The evening before I wrote this column, my intrepid companion, Jolie, said, “Wow, you look skinny tonight!”

It was little wonder. That day, I had bicycled 62 hilly miles in celebration of May 1, the target date for the year’s first half-century ride. I had been training for the challenge since March 5.

A full century ride will come later in June, so for me, as for many of us, the 2010 bicycling season has begun in earnest, thanks to an early spring.

On May 1, I went 12 miles more than planned but back roads in Mt. Vernon and Fayette had turned me around a little. That’s biking.

Eventually, I’ll spring for a Garmin bicycle GPS to keep from getting lost, which will take half the fun out of cross-country treks while setting me back $500 to $650 – more money than some of my bikes have cost.

My bicycle does have a $40 computer that keeps track of miles pedaled, speed in miles per hour, average speed overall, maximum mph and other pertinent information, including a crude accounting of calories burned.

The calorie counter must be somewhat inaccurate because it excludes the bicyclist’s body weight in the calculation, crucial for a proper estimate. The little computer does furnish a ballpark figure, though, and on May 1, it indicated 762 calories burned.

Yeah, wow, and that number was low! A calculation chart including body weight and mph showed 852 to 1,230 calories burned on May 1.

That day, the exertion forced me to consume sports drinks and high-energy food to keep from bonking, a bicycling term for running low on glycogen. For folks like me worrying about weight, can you imagine force feeding to consume calories?

That’s reason enough to get into bicycling, but the sport offers participants ever so much fun along with aerobic as well as anaerobic exercise. Most folks realize biking is aerobic, but long, steep climbs also provide anaerobic work – weight lifting for the legs.

According to folks at bicycle shops, newcomers getting into the sport often choose a mountain bike or hybrid with wide tires. These newbies look folks right in the eye and claim that they consider fat tires safer, reason enough to go that route. Feeling more secure surely makes sense.

Speeding vehicles along highways also frighten many bicyclists, so they opt for mountain bikes that get them into the woods away from traffic, another choice difficult to debate.

I started with fat tires for safety, first with a hybrid, the old L.L.Bean Acadia with the green steel frame (a classic beauty), and then later a quasi mountain bike – the newer, aluminum-framed version of the Acadia.

I prefer road biking, but the gear ratios stopped these bicycles from going fast enough on flats, annoying. In the highest gears, I’d spin the pedals until my tongue hung out and just nudge over the 20-mph mark – boring.

Not to belabor this, but last year, I bought a touring bike for more speed, and that model didn’t go fast enough, either.

This spring, my solution was a low-end road bike, a completely spontaneous purchase at the L.L.Bean bike shop. One minute, I was chatting with Jackie Peppe, a bicycling expert, and the next moment wheeling a Specialized Secteur Triple out the door.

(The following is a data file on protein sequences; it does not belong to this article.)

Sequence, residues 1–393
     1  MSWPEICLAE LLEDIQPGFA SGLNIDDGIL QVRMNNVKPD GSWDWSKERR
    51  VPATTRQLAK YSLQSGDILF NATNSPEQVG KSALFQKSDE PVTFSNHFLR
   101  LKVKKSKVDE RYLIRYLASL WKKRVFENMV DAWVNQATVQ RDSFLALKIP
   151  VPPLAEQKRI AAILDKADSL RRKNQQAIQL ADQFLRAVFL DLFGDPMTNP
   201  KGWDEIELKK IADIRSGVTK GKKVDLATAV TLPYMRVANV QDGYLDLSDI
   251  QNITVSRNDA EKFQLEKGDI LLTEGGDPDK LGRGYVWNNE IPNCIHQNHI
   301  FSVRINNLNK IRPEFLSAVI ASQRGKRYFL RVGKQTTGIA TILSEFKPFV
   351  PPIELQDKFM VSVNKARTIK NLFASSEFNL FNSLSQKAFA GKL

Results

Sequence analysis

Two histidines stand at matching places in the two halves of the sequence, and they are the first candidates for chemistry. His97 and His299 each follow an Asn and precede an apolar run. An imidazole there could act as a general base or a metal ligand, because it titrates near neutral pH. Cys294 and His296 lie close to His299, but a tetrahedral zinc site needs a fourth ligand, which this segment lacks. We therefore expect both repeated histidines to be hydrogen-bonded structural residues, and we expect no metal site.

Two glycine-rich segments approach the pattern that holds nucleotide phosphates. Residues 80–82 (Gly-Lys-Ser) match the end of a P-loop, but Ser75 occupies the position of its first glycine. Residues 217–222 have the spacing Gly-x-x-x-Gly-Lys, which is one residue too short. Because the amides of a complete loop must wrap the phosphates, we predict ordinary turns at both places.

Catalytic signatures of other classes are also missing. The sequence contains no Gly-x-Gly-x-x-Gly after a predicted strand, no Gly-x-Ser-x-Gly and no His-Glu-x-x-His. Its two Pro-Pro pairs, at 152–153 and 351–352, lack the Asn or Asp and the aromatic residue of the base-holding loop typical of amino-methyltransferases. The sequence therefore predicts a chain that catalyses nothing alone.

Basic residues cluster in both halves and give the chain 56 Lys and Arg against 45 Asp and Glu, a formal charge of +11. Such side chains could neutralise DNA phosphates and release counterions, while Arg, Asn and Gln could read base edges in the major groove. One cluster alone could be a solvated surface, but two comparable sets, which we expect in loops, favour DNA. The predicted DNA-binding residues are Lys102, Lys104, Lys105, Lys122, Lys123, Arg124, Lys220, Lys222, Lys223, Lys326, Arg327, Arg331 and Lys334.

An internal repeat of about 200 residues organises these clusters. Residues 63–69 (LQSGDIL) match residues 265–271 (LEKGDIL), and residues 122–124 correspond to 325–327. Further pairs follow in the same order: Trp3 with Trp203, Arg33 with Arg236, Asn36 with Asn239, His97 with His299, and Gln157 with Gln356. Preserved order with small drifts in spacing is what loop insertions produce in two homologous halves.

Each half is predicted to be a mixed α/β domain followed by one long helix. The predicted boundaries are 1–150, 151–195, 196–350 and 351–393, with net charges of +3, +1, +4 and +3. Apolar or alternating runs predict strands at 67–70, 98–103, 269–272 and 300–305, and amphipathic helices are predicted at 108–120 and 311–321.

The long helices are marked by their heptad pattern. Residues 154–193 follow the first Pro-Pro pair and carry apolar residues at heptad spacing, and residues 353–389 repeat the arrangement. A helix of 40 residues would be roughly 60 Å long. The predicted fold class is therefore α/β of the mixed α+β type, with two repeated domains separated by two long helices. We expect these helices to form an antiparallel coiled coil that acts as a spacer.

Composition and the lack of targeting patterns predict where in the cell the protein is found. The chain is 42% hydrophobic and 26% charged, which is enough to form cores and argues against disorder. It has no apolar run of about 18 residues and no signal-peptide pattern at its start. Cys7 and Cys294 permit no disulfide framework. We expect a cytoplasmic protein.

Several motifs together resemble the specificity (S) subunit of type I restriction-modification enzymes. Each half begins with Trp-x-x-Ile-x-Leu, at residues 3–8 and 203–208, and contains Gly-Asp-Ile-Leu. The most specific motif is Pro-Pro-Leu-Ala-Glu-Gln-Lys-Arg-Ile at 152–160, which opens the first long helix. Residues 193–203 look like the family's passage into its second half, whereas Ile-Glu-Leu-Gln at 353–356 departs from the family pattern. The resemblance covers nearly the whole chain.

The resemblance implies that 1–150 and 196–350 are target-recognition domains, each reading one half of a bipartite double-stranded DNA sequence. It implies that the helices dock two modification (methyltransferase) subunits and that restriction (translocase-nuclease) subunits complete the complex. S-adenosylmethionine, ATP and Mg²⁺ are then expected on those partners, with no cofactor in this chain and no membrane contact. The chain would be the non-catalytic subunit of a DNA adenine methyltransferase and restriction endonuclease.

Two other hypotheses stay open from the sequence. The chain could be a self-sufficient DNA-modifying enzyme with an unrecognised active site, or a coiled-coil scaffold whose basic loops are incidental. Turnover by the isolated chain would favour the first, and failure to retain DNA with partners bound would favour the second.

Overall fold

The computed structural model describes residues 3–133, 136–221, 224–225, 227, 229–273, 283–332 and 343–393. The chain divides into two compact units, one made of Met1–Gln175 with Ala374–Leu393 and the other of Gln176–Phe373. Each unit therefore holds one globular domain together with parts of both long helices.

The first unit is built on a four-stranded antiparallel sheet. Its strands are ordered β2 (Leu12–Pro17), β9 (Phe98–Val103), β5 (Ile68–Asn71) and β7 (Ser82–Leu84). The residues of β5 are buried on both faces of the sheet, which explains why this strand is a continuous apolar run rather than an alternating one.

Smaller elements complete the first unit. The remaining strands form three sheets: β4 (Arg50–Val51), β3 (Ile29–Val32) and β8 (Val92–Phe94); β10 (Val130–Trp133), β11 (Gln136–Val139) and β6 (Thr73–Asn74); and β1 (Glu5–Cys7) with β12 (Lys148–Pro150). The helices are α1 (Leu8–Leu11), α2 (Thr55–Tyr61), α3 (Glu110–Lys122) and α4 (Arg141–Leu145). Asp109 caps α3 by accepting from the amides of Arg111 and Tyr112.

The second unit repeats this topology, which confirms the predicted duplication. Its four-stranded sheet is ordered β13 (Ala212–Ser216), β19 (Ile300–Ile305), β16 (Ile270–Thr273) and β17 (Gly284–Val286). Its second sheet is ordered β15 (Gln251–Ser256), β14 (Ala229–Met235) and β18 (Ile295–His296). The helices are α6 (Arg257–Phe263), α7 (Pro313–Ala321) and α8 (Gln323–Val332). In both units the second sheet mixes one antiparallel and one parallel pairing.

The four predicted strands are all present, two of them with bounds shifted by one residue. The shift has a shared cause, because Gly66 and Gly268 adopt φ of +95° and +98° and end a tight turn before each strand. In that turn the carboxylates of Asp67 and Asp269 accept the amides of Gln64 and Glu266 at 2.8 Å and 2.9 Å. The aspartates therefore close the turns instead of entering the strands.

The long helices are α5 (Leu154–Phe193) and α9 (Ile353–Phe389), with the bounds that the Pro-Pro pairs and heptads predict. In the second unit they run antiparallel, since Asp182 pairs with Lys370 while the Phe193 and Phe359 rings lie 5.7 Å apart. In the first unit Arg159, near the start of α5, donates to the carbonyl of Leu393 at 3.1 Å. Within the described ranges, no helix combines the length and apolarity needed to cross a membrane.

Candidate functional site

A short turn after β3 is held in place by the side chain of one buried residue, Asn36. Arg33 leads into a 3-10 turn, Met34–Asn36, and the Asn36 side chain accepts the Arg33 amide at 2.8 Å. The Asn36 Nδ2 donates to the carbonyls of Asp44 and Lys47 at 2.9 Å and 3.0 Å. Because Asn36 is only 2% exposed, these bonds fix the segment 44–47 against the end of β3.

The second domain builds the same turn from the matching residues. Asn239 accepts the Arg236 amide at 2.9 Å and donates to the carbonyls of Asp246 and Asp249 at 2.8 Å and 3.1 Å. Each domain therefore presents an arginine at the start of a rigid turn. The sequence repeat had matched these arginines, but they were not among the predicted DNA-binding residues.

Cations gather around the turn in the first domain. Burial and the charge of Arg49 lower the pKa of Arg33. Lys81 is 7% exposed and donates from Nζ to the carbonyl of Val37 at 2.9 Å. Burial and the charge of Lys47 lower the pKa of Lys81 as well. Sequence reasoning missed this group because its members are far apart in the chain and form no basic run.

Specialized developed the Secteur line as an inexpensive version of the Specialized Roubaix, the latter explicitly developed for the Roubaix-to-Paris race that includes cobblestone roads.

The Roubaix model has a curved top tube and gel inserts in the fork and seatstay, all to dampen vibration, perfect for Maine’s rough pavement.

My Triple has the curved top tube but no gel inserts; however, the low-end model made sense for me.

It provided an opportunity to evaluate a road bike for well under a grand.

Two worries stopped me from getting a road bike in the past:

First, skinny tires struck me as hazardous, a needless worry. Road pavement around my home ranks as among the worst in all of Maine but has offered little problem – so far. The bike flies over broken pavement.

Second, I thought road bikes didn’t climb that well, but surprise of surprises, my Secteur gets over rugged hills in the Belgrade Lakes – like the 3 1/2-mile climb on Route 27 over the Kennebec Highlands in New Sharon.

This bicycle pleases me so much I now want a Cannondale or Roubaix road bike with a carbon frame and have talked with a fellow at a central-Maine bike shop about the Cannondale. These models really go fast.

I mention all this about road bikes for one reason only.

Newbies to the sport should consider a road bike. It’s fun to go fast, and as bicyclist and writer William Sheldon said, “Road bikes fly like a Porsche.” In my mind, fat-tire bikes resemble the more clunky SUVs.

Whatever folks buy, though, the main object begins and ends with hitting the road or woods as often as possible, a sport that offers so much fun that most folks have no problem setting up an exercise regimen for riding.


Ken Allen of Belgrade Lakes is a writer, editor and photographer. He can be contacted at: [email protected]


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